A lesson would seem to have been learned, but from then on, the Brewers stood pat. In 1987, Tom Trebelhorn’s team opened the season by winning 13 straight games. It seemed like something special was in the offing, but in truth it was just one of those things; the Brewers went 78-71 from then on, both the offense and the pitching staff not quite worthy of even that record-the Brewers were a .500 team with some very good luck. However, even as they sank out of sight-by the July 31 deadline, they were in fourth place, ten games behind the front-running Yankees and eight games out of third-at no time did they choose to try to regain their momentum. They didn’t try to fix a particularly obvious problem after the late-June injury that pushed Paul Molitor from third base to the DL for three weeks, and then to DH once he returned. That injury turned their infield into a mostly-harmless mess of Juan Castillo at second, Ernie Riles at third, and Dale Sveum at short. The trio’s sole offensive contribution came in the form of Sveum’s rabbit ball-powered 25 home runs, and the unit lacked in defense as well, the Brew Crew finishing next to last in the league in defensive efficiency.

If you looked at the standings in 1988, when the Brewers finished just two games behind the Red Sox in a soft division, or 1991, when they finished just eight games out in another weak year for the American League East, you could be forgiven for thinking that the Brewers might have had a chance to get ahead if they had just pulled the trigger on a deal or three-after all, the club had some very conspicuous weaknesses in those seasons, be it relying on Mark Birkbeck to finish out their starting rotation, or playing Franklin Stubbs at first base. However, these Tom Trebelhorn teams look better on paper than they did in reality; both were out early and then closed hard, the 1988 team going 21-9 over its last 30 games to finish with a flourish, while the 1991 team, which had dealt itself out of the race with a 9-18 July, went 40-22 over the last two months. In the latter case, Brewers pitching suddenly and mysteriously clicked, a staff which had established itself as the kind that would allow four runs and change per game going on a crash diet that had them well into the threes. In the former, a good pitching staff got a little better, while the offense added half a run per game for no particular reason.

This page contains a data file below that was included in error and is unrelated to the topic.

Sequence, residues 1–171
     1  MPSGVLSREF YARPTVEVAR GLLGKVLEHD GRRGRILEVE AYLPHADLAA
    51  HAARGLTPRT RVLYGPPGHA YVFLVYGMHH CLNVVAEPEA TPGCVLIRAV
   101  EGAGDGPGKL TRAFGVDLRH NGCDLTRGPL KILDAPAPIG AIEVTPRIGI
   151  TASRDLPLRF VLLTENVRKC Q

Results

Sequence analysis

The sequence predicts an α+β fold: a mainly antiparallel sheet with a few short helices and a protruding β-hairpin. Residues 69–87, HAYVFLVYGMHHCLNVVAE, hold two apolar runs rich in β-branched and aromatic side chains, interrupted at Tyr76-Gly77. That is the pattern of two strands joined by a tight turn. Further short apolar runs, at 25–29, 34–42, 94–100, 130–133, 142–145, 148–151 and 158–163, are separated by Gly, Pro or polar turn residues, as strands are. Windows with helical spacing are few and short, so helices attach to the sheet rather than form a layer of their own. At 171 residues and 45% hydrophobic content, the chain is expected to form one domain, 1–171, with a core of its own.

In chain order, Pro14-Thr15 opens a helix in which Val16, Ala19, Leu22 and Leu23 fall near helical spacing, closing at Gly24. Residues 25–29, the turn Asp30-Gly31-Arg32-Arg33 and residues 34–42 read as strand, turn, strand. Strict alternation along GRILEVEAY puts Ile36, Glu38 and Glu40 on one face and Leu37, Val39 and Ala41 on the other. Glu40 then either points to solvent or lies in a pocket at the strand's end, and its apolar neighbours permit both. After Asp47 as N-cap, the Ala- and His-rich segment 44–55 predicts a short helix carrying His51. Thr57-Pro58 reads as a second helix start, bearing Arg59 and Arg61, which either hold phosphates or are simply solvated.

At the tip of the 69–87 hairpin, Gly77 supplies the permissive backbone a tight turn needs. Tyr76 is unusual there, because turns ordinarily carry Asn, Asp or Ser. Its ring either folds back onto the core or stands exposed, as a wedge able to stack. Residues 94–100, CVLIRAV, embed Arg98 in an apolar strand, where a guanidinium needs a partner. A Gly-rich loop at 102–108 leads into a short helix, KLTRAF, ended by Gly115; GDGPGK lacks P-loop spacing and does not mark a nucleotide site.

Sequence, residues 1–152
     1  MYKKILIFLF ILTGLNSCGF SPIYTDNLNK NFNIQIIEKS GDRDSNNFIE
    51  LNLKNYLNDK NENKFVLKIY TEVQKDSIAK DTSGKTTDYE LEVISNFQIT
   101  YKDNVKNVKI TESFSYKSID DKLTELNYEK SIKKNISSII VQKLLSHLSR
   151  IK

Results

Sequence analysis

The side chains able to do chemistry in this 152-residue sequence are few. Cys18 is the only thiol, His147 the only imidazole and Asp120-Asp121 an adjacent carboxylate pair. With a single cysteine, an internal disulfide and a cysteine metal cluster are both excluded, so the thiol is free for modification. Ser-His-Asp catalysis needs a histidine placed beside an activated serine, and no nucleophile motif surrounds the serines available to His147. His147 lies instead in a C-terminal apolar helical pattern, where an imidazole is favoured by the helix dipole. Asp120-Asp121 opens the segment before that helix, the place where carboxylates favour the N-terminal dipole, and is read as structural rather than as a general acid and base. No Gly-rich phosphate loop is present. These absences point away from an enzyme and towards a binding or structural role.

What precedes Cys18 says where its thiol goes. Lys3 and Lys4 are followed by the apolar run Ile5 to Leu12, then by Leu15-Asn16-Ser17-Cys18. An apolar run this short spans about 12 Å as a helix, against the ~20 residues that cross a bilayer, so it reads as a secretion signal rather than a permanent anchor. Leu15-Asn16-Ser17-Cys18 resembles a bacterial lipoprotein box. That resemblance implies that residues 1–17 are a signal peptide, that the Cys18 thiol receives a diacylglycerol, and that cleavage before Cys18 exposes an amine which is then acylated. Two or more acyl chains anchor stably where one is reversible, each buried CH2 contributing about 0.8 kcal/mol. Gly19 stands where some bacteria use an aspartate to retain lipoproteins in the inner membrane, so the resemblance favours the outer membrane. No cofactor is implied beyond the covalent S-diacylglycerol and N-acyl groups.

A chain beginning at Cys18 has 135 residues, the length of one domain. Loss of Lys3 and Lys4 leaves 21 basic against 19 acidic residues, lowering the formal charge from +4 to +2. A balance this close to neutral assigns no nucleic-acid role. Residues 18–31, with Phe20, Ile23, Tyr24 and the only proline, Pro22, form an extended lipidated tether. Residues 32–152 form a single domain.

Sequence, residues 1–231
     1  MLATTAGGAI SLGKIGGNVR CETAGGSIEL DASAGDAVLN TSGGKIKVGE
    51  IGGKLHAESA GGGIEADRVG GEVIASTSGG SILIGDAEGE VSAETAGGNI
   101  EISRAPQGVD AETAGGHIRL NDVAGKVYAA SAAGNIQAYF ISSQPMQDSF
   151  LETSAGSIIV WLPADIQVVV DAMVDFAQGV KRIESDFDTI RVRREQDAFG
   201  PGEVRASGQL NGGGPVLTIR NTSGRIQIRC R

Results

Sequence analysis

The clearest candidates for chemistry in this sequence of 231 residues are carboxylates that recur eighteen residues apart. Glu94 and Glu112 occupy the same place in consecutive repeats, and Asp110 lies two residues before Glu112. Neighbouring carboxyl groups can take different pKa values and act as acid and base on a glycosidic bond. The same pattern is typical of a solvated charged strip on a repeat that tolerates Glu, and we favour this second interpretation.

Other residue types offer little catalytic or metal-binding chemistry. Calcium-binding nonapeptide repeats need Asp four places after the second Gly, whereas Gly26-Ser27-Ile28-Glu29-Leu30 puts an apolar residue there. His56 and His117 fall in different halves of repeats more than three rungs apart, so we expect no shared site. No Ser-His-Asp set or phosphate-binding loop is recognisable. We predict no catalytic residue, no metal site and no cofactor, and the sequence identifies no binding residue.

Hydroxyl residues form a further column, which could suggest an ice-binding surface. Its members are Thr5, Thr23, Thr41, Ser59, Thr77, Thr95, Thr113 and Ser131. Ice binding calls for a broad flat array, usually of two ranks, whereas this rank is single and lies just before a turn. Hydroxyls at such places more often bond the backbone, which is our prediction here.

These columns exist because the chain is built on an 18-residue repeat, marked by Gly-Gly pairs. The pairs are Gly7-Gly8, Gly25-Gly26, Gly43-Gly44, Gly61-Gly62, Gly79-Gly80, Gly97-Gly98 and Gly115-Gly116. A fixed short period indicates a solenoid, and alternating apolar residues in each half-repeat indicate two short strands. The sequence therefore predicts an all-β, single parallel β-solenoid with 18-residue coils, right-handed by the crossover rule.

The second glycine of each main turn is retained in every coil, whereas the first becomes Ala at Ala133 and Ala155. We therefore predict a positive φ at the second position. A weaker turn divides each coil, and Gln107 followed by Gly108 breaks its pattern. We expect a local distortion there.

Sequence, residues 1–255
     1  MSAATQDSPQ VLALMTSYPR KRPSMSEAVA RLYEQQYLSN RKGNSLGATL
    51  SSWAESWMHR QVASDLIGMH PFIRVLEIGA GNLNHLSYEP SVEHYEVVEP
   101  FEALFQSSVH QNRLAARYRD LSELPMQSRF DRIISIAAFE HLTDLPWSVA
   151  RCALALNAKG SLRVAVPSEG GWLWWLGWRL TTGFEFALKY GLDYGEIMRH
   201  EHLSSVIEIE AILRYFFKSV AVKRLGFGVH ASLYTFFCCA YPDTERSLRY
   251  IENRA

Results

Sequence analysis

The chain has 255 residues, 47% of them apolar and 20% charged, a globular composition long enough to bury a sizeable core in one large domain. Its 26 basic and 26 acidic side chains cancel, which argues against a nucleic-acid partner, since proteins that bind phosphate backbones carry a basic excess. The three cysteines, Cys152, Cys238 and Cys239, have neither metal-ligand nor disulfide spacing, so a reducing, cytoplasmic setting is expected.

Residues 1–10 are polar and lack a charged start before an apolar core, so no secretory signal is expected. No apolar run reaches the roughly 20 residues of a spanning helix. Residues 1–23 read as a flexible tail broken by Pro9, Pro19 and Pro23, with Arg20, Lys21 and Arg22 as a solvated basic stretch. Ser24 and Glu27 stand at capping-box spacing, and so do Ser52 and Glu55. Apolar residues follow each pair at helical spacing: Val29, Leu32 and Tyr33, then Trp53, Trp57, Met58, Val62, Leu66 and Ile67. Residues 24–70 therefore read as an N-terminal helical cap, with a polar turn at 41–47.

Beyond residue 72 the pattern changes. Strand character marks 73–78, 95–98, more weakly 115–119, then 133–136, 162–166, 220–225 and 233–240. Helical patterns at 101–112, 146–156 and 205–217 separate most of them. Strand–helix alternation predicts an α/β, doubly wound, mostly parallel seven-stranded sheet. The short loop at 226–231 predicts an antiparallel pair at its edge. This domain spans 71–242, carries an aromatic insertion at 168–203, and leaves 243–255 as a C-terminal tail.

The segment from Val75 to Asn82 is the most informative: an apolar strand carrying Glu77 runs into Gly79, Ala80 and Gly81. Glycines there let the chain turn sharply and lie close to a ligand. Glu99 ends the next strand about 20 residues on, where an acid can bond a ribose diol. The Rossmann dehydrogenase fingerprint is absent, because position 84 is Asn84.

Phil Garner‘s 1992 team had a better excuse. The starting rotation was just fine, particularly after the extraordinary young Cal Eldred was added to the mix starting in July-a year before Garner subjected his arm to a season of 140-pitch starts-and the rookie went 11-2 with a 1.79 ERA in 14 games. The bullpen was strong as well, though Doug Henry made for a problematic closer. The real problem was the offense, which still had the Stubbs troubles (.220/.297/.368) and added some new ones-the offense as a whole hit 82 home runs, and the starting infielders combined to hit all of 22. Yount’s bat died, Dante Bichette was his pointless pre-Rockies self, and while Molitor was still great, he was just one man.

At the trading deadline, the Brewers were in third place, six games behind the Blue Jays-and no move was made. On August 31, they were still in third place, but just 4½ games back. There was no move made then either, though a little more than two weeks earlier they did add the veteran lefty Neal Heaton to the staff as a free agent. He pitched one inning. That would be the team’s last real chance to influence a pennant race with a deal until last year, when they put the pedal to the metal and sent three players to the Padres for Scott Linebrink.

So, adding Sabathia signals a wonderful, post-Selig-ian willingness to go for it, even if Sabathia proves to be little more than a three-month rental, and the contour of the deal tailor-made, given that the team had a dispensable über-prospect in Matt LaPorta, whose defensive restrictions made him a poor compliment to the current major league lineup. Flags, as they say, fly forever, and given the size of Sabathia’s pants, they would fly forever too if a good gust of wind blew into the waistband. That would be most likely to happen if the Brewers get to hang those expansive trousers from the rafters of Miller Park, a “Division Champion” legend, or even something better, stamped across the seat. Given more than a quarter of a century without a postseason appearance, it’s good to see that for all the things that might fit into those pants, there is no room for the habitual timorousness of the old ownership.